For the past couple of years, Turkey has been the destination of choice for Egyptians. Blending history with stunning land and rugged mountainscapes, it has everything we could ask for: sun, sea, sights and most of all great food and shopping. Whats more, its cheap well, relatively cheap anyway.
Start with Istanbul, a bastion of civilization that contrasts ancient with modern like no other. Walking around the city (the best way to do any real sightseeing) is like walking into the past. For an introduction, stop by Sultanahment, the heart of Old Istanbul. First, visit the Topkapi Museum, which started off as one palace and ended up becoming a whole series of them. The edifice is so huge that the authorities have decided to open only some of it to the public. Even with this limitation, it would be challenging to
tour the entire place in just one visit.
While youre standing in line to pay the $10 (depending on the season) entrance fee, take a good look at the fountain of Sultan Ahmet III, dating back to the eighteenth century. Inside, numerous courtyards where severed heads of traitors are thankfully no longer displayed wind their way around towers and what was once a public area housing a mosque, hospital, bakery, mint and servant accommodations.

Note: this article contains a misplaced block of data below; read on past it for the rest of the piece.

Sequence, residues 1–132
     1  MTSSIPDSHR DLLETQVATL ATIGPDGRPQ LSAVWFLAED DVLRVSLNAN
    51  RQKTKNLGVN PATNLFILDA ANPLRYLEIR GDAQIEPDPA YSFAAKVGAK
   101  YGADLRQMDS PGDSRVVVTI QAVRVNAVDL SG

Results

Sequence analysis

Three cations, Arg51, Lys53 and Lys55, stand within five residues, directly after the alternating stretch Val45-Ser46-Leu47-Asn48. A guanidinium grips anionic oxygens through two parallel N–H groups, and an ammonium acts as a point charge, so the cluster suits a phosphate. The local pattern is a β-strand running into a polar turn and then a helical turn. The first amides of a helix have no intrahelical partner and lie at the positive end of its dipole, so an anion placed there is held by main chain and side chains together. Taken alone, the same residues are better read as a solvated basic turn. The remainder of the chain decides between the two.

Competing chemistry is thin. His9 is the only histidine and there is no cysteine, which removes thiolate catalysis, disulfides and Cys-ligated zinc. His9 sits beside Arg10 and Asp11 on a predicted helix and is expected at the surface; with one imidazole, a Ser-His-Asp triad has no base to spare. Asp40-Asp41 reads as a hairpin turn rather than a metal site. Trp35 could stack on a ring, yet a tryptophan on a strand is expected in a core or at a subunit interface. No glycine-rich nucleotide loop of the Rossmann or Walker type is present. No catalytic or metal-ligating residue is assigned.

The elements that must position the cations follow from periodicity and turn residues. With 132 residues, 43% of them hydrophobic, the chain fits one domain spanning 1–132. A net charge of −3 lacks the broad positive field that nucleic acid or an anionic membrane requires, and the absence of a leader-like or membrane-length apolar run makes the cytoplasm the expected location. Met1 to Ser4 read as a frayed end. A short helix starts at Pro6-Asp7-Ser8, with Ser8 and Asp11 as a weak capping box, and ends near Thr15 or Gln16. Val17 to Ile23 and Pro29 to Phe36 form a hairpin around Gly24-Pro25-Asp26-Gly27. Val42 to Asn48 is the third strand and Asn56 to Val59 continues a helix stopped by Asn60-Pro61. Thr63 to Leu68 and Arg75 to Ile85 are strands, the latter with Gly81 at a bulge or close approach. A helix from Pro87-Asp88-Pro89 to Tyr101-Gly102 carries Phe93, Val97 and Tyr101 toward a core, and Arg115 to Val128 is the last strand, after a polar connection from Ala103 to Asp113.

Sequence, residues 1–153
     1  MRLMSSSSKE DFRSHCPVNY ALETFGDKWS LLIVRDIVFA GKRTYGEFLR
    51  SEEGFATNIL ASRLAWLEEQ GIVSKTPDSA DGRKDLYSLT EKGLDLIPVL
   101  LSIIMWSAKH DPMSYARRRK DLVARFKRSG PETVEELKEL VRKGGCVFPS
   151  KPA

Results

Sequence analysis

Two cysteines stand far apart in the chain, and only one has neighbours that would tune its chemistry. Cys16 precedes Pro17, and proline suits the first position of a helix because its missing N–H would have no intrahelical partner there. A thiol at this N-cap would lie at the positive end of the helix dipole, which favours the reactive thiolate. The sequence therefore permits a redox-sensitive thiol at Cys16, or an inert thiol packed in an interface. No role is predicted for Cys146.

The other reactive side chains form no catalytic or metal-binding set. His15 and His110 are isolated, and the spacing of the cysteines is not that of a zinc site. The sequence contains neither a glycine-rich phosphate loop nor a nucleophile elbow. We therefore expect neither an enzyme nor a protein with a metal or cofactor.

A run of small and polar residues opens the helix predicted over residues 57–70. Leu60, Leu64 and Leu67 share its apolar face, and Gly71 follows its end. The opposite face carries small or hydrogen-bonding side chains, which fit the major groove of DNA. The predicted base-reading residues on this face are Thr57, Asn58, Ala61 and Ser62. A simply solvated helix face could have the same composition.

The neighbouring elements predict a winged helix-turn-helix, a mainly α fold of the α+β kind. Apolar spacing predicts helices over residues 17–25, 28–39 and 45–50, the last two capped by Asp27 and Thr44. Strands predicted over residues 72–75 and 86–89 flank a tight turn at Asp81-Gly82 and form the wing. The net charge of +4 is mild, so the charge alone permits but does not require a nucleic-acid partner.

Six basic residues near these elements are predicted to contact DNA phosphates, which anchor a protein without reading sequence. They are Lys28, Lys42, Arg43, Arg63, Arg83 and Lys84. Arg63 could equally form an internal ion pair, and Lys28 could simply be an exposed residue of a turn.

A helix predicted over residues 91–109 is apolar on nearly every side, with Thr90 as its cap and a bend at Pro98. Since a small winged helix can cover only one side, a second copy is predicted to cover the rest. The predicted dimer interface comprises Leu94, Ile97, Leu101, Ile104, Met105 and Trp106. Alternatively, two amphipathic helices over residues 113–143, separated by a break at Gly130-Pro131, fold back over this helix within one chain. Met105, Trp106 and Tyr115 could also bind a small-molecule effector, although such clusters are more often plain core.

Move on to see the Church of Hagia Eirene (one of the oldest in Constantinople and the only one in Istanbul with its atrium still fully intact), the Tiled Pavilion and the Archaeological Museum. A guided
tour is preferable if you want to navigate displays easily and quickly there really is a lot to see and youll need one to enter the Harem section, which has a separate $10 fee. Here you can see the lodgings of the eunuchs who once guarded the sultan, his mother and his slew of concubines. Young princes also had quarters here, furnished with their own concubines. The museum is open 9am5pm, closed Tuesdays.
There isnt really much thats blue about the Blue Mosque. The Mosque of Sultan Ahmet I has taken on the name, the Blue Mosque because part of the interior is walled with blue tiles but you can forget about seeing them, as theyre all on the inaccessible upper level. Blue or not, the mosque is an architectural masterpiece, with six daunting minarets and a great cascade of domes. Entrance is free, but note that the mosque still serves its religious function and is closed to non-worshippers around prayer times.
A hop, skip and a jump away is the magnificent Hagia Sophia, one of the most impressive edifices ever constructed. Highlighting a number of innovative architectural features, it was commissioned by the Emperor Justinian in 537 AD and built on the site of Byzantiums acropolis, where it arguably became the most important church in the world. Also check out the Hippodrome, Sunken Palace Cistern and various smaller museums.
After so much touring your stomach will be growling, but dont worry as the area is packed with restaurants. First-time visitors never complain, but seasoned travelers find the area over-priced, touristy and a few steps removed from the authentic Turkish cuisine they desire. To sample that, head for the Bosphorus district, where East meets West. The shores of the maritime highway are dotted with eateries, most of them seafood stops.